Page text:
California State Capitol: Past, Present, and Future

Two weeks ago I was in Sacramento for a wedding with my partner, and we both came to an odd realization- neither of us had ever been to the State Capitol. Both of us were born and raised in California, so I know it seems like a shocker. However, I recently heard from a Scotsman I know that he had never visited London until he had to travel there for a visa.

Construction of the building was completed between 1861 and 1874, and based off of the US Capitol Building in Washington DC. If you want to read more about the history of the building, please click here to be taken to the California State Capitol website- they do a wonderful job of illustrating the history of the building.

We were able to easily park in a small structure directly across the street, and walked over to the front of the building. Unfortunately, it was raining so badly that I was unable to take out my camera to take a picture, so the one above is one I found online of how it looks 99.9% of the time in sunny California. We quickly scampered over to one of the entrances, went through the security screening, and made our way into the building.

IMG_0192.jpgThe fist thing we saw were a few long hallways with display windows, each representing the many counties of the state. We of course checked out the display for Los Angeles and some of our other local favorites! It is a nice way to provide visitors with a snapshot of what the different counties are about and what is going on. Some had a series of pictures, some had representations of products they produce or grow such as wine or oranges, and others had representations of recreation and scenery.


Our first stop along the way was a small area that was the military museum, in which they had on display memorabilia and uniforms from different periods. The docent in this area was very kind and helpful- such a rarity nowadays in American museums it seems! I enjoyed the overall displays. There were nothing fancy, but they were for the most part clear and simple. I did notice that the uniform stands in the large cases were not perfectly parallel with the back of the case and were dusty, but details such as these would only bother someone like me rather than the average visitor. I loved the under lighting of one of the machine guns in this exhibition that cast a shadow on the wall- perfect! Atmosphere, aesthetics, and attraction all with one simple spotlight.

We then ventured further into the building, and checked out some of the historic rooms that they have roped off. I wish we could have walked into the rooms, but they were roped off only allowing us to peek in through the doorway. I did see typical museum walking rugs set up in a path through the room, but I cannot tell you if they are there for the cleaners, or for specially guided tours.


We then made our way to the rotunda, and spent a great deal of time staring upwards at the beautiful colors and intricate designs of the paneling and windows. We did the same thing when we saw the State Seal in the ceiling down another hallway. One of the assistants there was kind enough to let us into a roped off area to take a few photos. Again, I was amazed at how kind and helpful the staff was.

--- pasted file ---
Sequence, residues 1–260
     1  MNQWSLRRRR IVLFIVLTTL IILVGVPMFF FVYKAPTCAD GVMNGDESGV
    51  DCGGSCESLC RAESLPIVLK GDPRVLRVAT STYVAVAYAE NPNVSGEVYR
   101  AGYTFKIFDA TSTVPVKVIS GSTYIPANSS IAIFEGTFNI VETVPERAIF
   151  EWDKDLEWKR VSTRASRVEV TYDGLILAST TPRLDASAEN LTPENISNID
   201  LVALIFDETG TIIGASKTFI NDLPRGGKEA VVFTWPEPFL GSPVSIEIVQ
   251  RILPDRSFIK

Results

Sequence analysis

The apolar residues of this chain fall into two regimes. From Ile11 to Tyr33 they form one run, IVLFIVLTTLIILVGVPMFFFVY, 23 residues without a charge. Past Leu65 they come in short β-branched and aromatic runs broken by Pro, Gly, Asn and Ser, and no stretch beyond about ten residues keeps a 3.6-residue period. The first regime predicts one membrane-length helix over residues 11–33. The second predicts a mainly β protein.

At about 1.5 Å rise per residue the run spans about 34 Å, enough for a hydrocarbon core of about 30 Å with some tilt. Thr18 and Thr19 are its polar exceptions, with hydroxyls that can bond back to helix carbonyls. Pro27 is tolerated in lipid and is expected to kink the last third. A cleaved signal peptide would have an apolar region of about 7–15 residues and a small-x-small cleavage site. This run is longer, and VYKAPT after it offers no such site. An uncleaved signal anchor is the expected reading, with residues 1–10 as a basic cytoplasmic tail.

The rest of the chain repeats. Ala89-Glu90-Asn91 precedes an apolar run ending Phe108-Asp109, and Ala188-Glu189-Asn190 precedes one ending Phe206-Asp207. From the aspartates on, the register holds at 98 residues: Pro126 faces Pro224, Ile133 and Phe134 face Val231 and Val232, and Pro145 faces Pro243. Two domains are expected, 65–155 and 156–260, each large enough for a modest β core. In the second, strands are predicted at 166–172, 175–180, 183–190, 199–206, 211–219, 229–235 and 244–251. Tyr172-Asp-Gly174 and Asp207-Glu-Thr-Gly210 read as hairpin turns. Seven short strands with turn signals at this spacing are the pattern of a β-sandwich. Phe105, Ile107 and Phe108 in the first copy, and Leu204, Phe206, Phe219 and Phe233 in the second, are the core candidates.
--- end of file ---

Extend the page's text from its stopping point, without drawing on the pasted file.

IMG_1319.jpgAs we spent the morning perusing about, I was impressed with how little the staff seemed to interfere with our experience. We were able to go wherever we wanted, regardless of who or what was in session. We were able to take silly selfies with paintings of our favorite governors, and quietly admire the beautifully crafted sculptures. I am sure that part of this is due to a more government building frame of mind rather than a museum building frame of mind. To be fair, it is both. I enjoyed the energy of the building. Dozens of school tours were sweeping throughout the building, the kids buzzing with excitement. It was a place that was alive, working, teaching, and evolving. In hindsight as I write this blog post over a cup of tea, I have come to a few realizations.

I do not want museums to be quote on quote government buildings, but I do want them to have some of the same qualities. Museums should be alive, working, teaching, and most of all, evolving. If remaining stagnant does not work for governmental bodies, then how can it work for museums? The California State Capitol has the past, present, and future all living withinIMG_1317 on site. They have museum areas with memorabilia, they have representatives voting on laws, and they have the children watching it all happen and thinking about their lives ahead. Museums just need to find out how they fit into the present and the future, as they already hands down have the past! How can museums take action now, and make an impact on others for the future?  Food for thought.

If you want to see more photos from my trip, check out my photo gallery post here.


Peace and long life.



One thought on “California State Capitol: Past, Present, and Future

Leave a Reply

Fill in your details below or click an icon to log in: Logo

You are commenting using your account. Log Out /  Change )

Twitter picture

You are commenting using your Twitter account. Log Out /  Change )

Facebook photo

You are commenting using your Facebook account. Log Out /  Change )

Connecting to %s